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Angioplasty, also known as Percutaneous Transluminal Coronary Angioplasty (PTCA) is the reopening of blocked coronary arteries through the use of an inflated balloon that compresses arteriosclerotic plaque in the wall of the artery. This plaque is responsible for narrowing and obstructing blood flow to the heart muscle. Usually, other procedures such as coronary stenting may also be performed in conjunction with angioplasty.
Why is it performed?
Angioplasty is done to widen narrowed or obstructed coronary arteries that are impairing the flow of blood. Adequate blood flow to the heart is necessary for the oxygenation and nutrition of the heart muscle. Obstructions can cause angina, heart attacks and other heart problems.
What is experienced?
The first steps in angioplasty are similar to cardiac catheterization — a procedure in which an introducer sheath (a thin, hollow, flexible plastic tube, the length of a pen) is inserted into an artery in the groin. Through this, a longer catheter is passed via the aorta into one of the coronary arteries.
Inside this long catheter, a balloon is advanced into the heart artery to compress the blockage. Some chest discomfort similar to angina or a twinge in the chest may be felt when the balloon is inflated. This is normal and should disappear when the balloon is deflated. Sedation is often given to reduce this discomfort. Upon completion of the angioplasty, the patient is carefully monitored during an overnight hospital stay.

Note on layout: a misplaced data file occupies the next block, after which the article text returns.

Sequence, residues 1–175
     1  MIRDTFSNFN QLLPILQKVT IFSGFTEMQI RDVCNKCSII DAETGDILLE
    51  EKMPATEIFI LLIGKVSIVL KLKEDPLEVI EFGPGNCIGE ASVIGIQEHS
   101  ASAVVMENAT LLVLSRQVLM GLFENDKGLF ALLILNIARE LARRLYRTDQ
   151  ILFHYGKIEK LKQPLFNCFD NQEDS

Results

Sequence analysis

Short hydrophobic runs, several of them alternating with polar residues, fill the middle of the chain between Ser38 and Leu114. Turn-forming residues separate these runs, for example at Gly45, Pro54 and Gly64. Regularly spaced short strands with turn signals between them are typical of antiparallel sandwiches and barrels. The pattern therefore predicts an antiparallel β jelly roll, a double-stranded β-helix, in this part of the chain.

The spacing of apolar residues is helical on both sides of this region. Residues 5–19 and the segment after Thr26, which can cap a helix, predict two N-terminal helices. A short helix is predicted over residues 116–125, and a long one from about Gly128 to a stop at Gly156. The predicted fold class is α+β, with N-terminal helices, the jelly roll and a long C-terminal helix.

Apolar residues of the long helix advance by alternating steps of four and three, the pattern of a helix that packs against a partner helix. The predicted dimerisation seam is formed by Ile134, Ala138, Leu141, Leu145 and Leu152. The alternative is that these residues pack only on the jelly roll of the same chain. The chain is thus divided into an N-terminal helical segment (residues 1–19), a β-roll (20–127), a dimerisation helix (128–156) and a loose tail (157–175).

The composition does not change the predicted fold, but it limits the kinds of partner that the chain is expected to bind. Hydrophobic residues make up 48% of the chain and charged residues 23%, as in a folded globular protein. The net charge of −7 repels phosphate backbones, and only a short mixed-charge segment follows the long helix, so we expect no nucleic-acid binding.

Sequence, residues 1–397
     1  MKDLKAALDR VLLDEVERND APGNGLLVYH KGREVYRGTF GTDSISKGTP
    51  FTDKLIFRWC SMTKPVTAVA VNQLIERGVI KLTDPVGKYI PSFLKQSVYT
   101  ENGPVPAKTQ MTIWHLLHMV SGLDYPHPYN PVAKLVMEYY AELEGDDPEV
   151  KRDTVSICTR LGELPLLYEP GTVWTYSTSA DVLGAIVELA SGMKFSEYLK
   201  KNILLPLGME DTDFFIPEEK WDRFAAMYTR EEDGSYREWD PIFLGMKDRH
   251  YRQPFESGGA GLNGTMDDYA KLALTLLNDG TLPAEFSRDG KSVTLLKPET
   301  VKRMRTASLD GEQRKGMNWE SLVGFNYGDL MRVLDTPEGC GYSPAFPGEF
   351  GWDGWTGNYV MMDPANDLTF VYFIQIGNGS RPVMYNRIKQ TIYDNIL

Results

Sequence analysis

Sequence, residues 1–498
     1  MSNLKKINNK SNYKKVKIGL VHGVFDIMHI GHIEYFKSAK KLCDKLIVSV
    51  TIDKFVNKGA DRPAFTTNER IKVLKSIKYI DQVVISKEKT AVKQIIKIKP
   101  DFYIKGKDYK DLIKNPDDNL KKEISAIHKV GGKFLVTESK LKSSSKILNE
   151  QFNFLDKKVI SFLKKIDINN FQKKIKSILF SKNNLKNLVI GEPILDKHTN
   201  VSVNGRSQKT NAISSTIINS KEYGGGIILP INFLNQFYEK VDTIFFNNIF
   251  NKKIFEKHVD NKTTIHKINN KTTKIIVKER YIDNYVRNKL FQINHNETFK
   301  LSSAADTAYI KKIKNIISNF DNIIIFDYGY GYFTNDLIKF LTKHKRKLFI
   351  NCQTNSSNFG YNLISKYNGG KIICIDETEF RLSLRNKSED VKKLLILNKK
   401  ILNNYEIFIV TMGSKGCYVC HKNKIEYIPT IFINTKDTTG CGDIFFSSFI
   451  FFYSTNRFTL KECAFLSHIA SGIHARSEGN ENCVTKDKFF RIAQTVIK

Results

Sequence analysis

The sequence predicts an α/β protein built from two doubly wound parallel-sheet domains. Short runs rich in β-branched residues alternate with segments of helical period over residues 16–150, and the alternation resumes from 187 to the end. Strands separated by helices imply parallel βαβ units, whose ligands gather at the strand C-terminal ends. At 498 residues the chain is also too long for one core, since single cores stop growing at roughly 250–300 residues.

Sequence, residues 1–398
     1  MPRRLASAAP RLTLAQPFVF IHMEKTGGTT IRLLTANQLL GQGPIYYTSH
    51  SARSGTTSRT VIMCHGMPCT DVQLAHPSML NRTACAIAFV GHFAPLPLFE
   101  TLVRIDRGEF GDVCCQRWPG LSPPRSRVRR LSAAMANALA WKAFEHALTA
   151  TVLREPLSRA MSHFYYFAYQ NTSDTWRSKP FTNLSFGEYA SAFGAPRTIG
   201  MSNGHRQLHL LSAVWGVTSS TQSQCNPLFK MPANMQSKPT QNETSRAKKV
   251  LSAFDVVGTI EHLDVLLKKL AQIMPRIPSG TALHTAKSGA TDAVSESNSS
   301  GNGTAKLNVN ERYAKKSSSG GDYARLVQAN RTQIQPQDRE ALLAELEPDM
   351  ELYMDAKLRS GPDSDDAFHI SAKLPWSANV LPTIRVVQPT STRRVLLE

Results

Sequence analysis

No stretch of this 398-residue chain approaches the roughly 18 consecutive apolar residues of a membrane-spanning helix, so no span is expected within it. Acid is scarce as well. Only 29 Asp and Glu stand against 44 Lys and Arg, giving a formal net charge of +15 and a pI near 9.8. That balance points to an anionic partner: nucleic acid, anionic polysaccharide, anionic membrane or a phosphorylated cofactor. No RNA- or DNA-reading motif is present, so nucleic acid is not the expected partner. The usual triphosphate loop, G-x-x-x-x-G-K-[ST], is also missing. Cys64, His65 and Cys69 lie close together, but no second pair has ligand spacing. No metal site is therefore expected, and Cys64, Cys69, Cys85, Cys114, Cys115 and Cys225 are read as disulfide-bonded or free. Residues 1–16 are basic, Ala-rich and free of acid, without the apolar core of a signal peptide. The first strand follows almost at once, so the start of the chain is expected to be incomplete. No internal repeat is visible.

The procedure takes place in the hospital’s cardiac catheterization suite. In the pre-procedure area, medical personnel review the medical history before administering blood thinners, like aspirin, to prevent clotting during the procedure.
The beginning of the angioplasty is similar to a cardiac catheterization. The cardiologist passes a guide wire down the artery. The balloon is passed over this wire to the site of the blockage. The balloon-tipped catheter is moved to the narrowed section of the artery and then inflated and deflated several times. The plaque is compressed against the arterial wall. A stent is then usually deployed across the blockage to hold the artery open.
If more than one artery is narrowed, the procedure may be repeated at those additional sites. Then the catheter is removed. The procedure takes from one to three hours.
The patient is returned to a post-procedure area for additional monitoring before transfer to a cardiac care unit for an overnight stay. No food or drink is permitted until the blood thinning levels return to normal and the introducer sheath is removed. Medical staff will monitor vital signs, heart rhythms and the insertion site. The remainder of post-procedure care is similar to that experienced in cardiac catheterization.